French Indochina, 1931. In the Gulf of Siam, a Widow and her two children, Joseph, 2o, and Suzanne, 16, barely survive by exploiting rice fields located much too close to the ocean. Every year their crops are flooded and their only hope lies in the construction of a seawall. The mother refuses to give up and desperately battles both the sea and the corrupt colonial bureaucrats ... Written by
The third time we've seen Marguerite Duras' childhood as a movie and they are all more interesting than her own films - which is not difficult. This is not a great film, though it is remarkable on period. I still prefer René Clement's deeply flawed version and I did enjoy the eroticised L'Amant.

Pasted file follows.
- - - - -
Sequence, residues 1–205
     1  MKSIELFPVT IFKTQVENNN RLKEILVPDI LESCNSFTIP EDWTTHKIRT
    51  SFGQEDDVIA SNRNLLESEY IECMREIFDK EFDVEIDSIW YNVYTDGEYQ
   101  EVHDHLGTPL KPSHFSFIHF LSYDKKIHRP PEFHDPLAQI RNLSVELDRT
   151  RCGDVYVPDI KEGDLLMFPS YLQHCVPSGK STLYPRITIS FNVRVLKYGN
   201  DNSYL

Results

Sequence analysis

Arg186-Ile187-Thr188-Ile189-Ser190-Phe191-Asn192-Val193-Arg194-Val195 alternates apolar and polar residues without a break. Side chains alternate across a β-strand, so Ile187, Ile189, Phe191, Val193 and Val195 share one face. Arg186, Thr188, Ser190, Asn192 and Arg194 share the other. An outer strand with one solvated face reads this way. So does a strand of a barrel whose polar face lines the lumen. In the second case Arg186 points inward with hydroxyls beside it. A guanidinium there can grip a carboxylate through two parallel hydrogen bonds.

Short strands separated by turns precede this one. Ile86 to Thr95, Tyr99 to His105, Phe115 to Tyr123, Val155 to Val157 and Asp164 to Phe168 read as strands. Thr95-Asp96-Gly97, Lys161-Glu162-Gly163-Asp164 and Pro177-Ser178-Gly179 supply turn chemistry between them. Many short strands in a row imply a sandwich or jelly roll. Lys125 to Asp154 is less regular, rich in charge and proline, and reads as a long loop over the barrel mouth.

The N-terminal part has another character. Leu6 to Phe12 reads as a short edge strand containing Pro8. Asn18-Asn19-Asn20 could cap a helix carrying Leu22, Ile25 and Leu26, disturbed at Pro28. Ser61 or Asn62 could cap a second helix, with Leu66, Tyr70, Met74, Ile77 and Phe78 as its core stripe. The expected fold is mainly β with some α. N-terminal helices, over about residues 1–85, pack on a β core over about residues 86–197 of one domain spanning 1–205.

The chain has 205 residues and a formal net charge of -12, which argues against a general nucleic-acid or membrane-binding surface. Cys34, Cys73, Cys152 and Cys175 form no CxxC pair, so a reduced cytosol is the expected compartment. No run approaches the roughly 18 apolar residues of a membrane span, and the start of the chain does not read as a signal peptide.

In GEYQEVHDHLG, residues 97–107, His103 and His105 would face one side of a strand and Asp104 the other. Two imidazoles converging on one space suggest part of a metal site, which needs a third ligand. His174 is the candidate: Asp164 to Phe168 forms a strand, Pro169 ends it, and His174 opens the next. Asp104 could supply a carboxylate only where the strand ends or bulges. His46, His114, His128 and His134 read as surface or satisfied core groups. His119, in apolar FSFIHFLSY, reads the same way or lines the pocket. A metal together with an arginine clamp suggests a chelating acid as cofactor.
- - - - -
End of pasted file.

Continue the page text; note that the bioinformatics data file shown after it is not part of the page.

Curiously this is the first one not by a French director and it's a French movie. Huppert is always watchable and, with her character shifted to centre stage, there is an interesting change of emphasis. The final shot of the actual rice paddy is resonant. Jo Van Fleet's version seems to come from another planet.
The picture of Colonial Cambodia here is more convincing, though the things that should be central are sketchy - the ex-school teacher mother's back story, her relationship to the locals, who she is supposed to be protecting.
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